Listen to the Science: Experts Say BPA is Safe
The European Food Safety Authority recently reconfirmed that bisphenol A (BPA) poses “no health risk to consumers of any age group,” and the U.S. Food and Drug Administration answers the question “Is BPA Safe?” with one unambiguous word: “Yes.”
These clear conclusions are supported by recent comprehensive research from U.S. government scientists at FDA and other federal agencies. Together, the EFSA and FDA reviews show that today’s consumer products that rely on BPA are safe.
EFSA and FDA aren’t the only scientific bodies who have listened to the science on BPA. Germany’s Federal Institute for Risk Assessment (BfR) has endorsed the European Food Safety Authority’s (EFSA) assessment of BPA safety, stating that there is “No health risk for consumers from Bisphenol A exposure.”
Learn more about BfR’s safety evaluation of BPA here or visit American Chemistry Council’s Chemistry Matters blog. More information on assessments of BPA safety conducted by the U.S. Food and Drug Administration and the European Food Safety Authority are provided below.
U.S. Food and Drug Administration (FDA)
In the last several years, federal government scientists have been conducting in-depth studies to answer key questions and clarify uncertainties about the safety of BPA. To date, more than 20 of these studies have been published in the peer-reviewed scientific literature.
Taken together, the results of these studies provide strong support for the safety of BPA. Based on these results, along with results from other studies, the U.S. Food and Drug Administration (FDA) recently answered the question “Is BPA safe?” with a clear answer – “Yes.”
Consumer Exposure to BPA is Extremely Low.
Large-scale biomonitoring studies in the U.S. and Canada show that typical consumer exposure to BPA is far below safe limits set by government agencies. These studies included children, adults, and pregnant women.
BPA is Rapidly Eliminated from the Body.
Numerous studies on laboratory animals show that BPA is efficiently converted after exposure to an inactive form, which is then rapidly eliminated from the body. These findings have been confirmed in clinical studies involving human volunteers exposed to BPA at levels much higher than typical consumer exposures.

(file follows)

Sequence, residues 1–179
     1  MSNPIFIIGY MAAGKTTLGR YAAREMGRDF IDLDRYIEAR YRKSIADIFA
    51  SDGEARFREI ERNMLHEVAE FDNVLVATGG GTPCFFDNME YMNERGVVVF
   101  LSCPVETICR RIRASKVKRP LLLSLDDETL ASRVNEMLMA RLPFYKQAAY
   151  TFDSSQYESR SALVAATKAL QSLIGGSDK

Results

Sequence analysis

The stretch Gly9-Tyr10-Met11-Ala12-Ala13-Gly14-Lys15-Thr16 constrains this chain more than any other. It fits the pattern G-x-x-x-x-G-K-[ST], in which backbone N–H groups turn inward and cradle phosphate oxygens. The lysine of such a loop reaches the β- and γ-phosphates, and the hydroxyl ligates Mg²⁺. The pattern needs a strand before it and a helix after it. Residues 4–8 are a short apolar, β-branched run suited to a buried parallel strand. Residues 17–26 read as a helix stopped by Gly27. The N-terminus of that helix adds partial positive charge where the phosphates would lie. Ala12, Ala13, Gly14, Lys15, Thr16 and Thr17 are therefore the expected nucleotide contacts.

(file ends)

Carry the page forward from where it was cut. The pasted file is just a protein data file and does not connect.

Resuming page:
No Risk of Health Effects at Typical Consumer Exposure Levels.
A large-scale subchronic toxicity study in laboratory animals found no reproductive or developmental health effects at doses even remotely close to consumer exposure levels. Other studies found no developmental neurobehavioral effects at similar low doses. These results are consistent with the way that BPA is processed in the body, which make it very unlikely that BPA could cause health effects at typical consumer exposure levels.
European Food Safety Authority (EFSA)
On January 21, 2015, the European Food Safety Authority (EFSA) released its final report on BPA safety titled “Scientific opinion on the risks to public health related to the presence of bisphenol A (BPA) in foodstuffs.” The report was prepared by EFSA’s expert panel on Food Contact Materials, Enzymes, Flavourings and Processing Aids.
Based on a comprehensive re-evaluation of BPA exposure and toxicity, EFSA’s scientific experts concluded in the final report that ‘BPA poses no health risk to consumers of any age group (including unborn children, infants and adolescents) at current exposure levels.
Going beyond previous assessments, EFSA evaluated exposure to BPA not only from food, but also from a range of other potential sources. Considering all exposure sources together, EFSA concluded: ‘BPA poses no health risk to consumers because current exposure to the chemical is too low to cause harm.’ EFSA further explained that to be as open and transparent as possible, it thoroughly consulted and engaged with national authorities and stakeholders during this risk assessment to ensure that the widest possible range of scientific views and information were considered.
The safe exposure limit for BPA, known as a Tolerable Daily Intake (TDI), was conservatively set to include uncertainties about potential health effects of BPA. It is anticipated that EFSA will revisit the TDI to incorporate results from ongoing research being conducted by the U.S. National Toxicology Program and the FDA.
Notably, to address a controversial claim that BPA can cause health effects at very low doses, EFSA’s experts established scientific criteria to evaluate studies that reported unexpected responses at low doses. Based on these criteria, the experts concluded that ‘the available data do not provide evidence that BPA results in non-monotonic dose-response relationships.’